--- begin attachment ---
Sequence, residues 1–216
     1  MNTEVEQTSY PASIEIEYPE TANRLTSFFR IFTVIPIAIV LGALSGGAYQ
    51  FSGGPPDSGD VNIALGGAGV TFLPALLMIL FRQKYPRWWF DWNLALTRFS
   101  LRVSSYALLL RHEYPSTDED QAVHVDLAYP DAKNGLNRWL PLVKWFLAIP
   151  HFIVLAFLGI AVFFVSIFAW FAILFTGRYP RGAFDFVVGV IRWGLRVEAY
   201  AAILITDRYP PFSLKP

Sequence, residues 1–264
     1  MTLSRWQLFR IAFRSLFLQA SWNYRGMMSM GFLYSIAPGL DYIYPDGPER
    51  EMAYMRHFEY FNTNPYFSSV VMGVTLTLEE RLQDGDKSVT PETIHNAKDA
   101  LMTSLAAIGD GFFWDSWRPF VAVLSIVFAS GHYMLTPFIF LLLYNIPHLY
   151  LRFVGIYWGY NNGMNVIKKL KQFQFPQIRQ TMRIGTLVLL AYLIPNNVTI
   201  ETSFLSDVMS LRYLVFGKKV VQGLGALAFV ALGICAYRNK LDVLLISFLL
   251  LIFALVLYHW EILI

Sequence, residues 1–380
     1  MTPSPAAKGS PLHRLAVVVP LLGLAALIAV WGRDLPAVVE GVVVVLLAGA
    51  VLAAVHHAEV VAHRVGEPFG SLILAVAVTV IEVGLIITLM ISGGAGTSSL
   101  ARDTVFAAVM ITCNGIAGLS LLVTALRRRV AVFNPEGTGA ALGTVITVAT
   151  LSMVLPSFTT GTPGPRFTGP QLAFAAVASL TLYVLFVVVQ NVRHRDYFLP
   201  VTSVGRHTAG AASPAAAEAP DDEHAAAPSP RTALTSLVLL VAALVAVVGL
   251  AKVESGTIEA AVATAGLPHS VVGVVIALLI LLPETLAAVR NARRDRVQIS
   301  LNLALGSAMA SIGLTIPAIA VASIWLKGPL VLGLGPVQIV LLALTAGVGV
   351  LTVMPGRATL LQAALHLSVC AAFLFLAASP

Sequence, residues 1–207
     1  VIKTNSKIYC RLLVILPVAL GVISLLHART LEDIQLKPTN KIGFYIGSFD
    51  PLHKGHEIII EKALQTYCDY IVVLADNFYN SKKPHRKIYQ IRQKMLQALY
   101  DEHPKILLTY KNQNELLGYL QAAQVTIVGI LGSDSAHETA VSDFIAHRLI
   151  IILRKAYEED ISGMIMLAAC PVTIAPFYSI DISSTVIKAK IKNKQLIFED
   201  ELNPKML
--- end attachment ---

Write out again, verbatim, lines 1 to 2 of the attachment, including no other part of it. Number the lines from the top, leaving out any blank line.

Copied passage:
Sequence, residues 1–216
     1  MNTEVEQTSY PASIEIEYPE TANRLTSFFR IFTVIPIAIV LGALSGGAYQ